Site-directed mutagenesis of proline 52 to glycine in amicyanin converts a true electron transfer reaction into one that is conformationally gated.
Publication Type:Journal Article
Source:Biochemistry, Volume 45, Issue 27, p.8284-93 (2006)
Keywords:Amino Acid Substitution, Azurin, Bacterial Proteins, Binding Sites, Carrier Proteins, Crystallography, Electron Transport, Glycine, Mutagenesis, Site-Directed, Oxidation-Reduction, Oxidoreductases Acting on CH-NH Group Donors, Paracoccus denitrificans, Proline, Protein Conformation, Spectrum Analysis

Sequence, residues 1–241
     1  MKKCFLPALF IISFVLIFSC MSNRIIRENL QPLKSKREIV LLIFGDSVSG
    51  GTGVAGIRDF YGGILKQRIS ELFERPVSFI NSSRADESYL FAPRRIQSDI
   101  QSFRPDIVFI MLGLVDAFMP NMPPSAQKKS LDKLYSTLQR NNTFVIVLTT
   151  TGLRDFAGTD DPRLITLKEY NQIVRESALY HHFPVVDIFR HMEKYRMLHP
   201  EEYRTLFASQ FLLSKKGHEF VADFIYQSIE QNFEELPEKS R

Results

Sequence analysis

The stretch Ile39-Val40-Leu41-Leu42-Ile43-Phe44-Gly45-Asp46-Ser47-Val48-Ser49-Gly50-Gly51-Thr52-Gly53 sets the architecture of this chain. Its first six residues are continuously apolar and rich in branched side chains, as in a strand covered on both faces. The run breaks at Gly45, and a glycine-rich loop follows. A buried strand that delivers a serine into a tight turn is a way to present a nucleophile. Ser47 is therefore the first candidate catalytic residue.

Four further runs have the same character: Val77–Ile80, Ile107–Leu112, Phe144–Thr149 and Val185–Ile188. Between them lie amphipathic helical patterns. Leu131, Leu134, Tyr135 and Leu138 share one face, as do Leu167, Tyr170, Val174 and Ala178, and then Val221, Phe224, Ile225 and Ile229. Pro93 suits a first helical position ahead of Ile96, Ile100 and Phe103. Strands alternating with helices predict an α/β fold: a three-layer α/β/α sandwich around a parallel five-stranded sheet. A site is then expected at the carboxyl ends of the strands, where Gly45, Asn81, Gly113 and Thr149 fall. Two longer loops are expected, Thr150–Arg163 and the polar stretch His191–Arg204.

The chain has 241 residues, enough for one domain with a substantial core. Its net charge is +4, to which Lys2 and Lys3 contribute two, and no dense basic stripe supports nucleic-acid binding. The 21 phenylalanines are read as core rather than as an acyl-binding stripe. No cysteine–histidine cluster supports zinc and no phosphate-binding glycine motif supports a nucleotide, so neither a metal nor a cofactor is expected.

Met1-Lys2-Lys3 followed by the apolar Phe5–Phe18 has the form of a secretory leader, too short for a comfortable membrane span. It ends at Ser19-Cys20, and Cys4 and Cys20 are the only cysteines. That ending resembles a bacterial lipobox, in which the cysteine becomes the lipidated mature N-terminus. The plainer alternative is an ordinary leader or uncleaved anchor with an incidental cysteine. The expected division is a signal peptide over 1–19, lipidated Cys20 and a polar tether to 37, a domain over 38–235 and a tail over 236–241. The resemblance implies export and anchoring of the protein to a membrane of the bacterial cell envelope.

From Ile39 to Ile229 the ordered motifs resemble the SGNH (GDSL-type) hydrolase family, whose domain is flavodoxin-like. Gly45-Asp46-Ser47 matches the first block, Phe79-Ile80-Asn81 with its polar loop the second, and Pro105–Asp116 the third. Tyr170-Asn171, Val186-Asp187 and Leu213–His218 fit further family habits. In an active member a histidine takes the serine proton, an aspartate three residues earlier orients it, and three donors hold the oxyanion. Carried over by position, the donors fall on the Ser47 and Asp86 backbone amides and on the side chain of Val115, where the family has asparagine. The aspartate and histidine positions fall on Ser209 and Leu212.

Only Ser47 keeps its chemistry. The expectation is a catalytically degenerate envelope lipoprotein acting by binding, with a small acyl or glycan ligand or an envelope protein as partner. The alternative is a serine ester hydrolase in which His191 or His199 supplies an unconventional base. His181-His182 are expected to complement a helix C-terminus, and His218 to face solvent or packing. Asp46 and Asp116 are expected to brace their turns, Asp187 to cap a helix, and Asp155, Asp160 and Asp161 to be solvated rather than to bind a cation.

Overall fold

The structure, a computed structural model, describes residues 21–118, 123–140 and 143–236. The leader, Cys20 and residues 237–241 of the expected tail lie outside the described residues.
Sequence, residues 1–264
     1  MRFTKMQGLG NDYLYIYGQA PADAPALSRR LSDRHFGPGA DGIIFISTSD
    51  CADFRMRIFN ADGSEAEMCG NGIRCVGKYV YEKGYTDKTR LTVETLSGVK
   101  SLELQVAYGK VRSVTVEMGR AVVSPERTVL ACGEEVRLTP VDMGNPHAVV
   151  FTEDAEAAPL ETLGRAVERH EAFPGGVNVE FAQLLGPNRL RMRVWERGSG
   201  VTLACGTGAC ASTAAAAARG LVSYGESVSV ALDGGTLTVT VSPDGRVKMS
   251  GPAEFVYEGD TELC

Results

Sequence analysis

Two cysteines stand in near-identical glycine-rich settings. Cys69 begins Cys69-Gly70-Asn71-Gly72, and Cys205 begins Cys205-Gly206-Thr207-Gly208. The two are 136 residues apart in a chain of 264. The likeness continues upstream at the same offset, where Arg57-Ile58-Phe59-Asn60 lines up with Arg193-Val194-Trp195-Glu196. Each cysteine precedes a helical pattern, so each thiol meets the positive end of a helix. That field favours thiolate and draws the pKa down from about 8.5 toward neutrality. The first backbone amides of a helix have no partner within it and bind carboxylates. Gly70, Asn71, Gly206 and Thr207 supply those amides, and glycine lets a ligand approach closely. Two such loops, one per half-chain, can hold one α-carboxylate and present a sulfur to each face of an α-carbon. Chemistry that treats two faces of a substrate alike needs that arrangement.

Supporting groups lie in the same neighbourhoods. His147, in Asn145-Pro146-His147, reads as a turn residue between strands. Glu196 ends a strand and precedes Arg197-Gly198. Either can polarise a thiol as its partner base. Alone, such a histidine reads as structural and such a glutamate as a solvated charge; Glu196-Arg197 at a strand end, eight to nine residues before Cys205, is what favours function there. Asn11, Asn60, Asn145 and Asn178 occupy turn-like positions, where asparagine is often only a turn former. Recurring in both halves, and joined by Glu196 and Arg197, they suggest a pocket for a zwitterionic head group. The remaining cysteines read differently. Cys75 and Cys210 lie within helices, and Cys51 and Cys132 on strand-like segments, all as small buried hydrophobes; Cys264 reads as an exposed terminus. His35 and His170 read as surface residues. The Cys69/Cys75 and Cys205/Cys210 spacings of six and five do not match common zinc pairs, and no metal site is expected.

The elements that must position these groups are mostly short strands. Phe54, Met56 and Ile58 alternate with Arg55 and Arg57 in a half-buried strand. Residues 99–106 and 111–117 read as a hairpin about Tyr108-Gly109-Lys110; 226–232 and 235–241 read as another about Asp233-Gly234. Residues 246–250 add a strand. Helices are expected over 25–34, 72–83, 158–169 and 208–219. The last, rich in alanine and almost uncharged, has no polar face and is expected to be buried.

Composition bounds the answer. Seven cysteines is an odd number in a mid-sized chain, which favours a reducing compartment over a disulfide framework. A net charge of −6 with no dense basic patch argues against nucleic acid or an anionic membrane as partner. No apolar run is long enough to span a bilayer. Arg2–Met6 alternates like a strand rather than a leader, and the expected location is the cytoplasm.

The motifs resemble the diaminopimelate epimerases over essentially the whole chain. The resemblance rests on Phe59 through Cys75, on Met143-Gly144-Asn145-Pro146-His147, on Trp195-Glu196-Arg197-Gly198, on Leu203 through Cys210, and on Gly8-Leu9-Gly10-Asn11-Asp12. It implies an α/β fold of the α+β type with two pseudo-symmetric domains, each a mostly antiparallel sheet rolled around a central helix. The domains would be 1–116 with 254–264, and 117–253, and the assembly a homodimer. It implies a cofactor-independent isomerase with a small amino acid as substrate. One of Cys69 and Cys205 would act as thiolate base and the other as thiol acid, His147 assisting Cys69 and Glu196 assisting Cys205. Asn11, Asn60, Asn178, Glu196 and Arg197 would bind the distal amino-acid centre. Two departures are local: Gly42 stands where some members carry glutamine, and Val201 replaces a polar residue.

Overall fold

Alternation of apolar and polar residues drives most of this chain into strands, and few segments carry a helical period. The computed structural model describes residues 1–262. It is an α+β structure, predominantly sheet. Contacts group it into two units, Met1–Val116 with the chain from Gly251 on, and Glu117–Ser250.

<p>Amicyanin is a type I copper protein that is the natural electron acceptor for the quinoprotein methylamine dehydrogenase (MADH). The conversion of Proline52 of amicyanin to a glycine does not alter the physical and spectroscopic properties of the copper binding site, but it does alter the rate of electron transfer (ET) from MADH. The values of electronic coupling (H(AB)) and reorganization energy (lambda) that are associated with the true ET reaction from the reduced O-quinol tryptophan tryptophylquinone (TTQ) of MADH to oxidized amicyanin are significantly altered as a consequence of the P52G mutation. The experimentally determined H(AB) increases from 12 to 78 cm(-1), and lambda increases from 2.3 to 2.8 eV. The rate and salt-dependence of the proton transfer-gated ET reaction from N-quinol MADH to amicyanin are also changed by the P52G mutation. Kinetic data suggests that a new common reaction step has become rate-limiting for both the true and gated ET reactions that occur from different redox forms of MADH. A comparison of the crystal structures of P52G amicyanin with those of native amicyanin free and in complex with MADH provided clues as to the basis for the change in ET parameters. The mutation results in the loss of three carbons from Pro52 and the movement of the neighboring residue Met51. This reduces the number of hydrophobic interactions with MADH in the complex and perturbs the protein-protein interface. A model is proposed for the ET reaction with P52G amicyanin in which the most stable conformation of the protein-protein complex with MADH is not optimal for ET. A new preceding kinetic step is introduced prior to true ET that requires P52G amicyanin to switch from this redox-inactive stable complex to a redox-active unstable complex. Thus, the ET reaction of P52G amicyanin is no longer a true ET but one that is conformationally gated by the reorientation of the proteins within the ET protein complex. This same reaction step now also gates the ET from N-quinol MADH, which is normally rate-limited by a proton transfer.</p>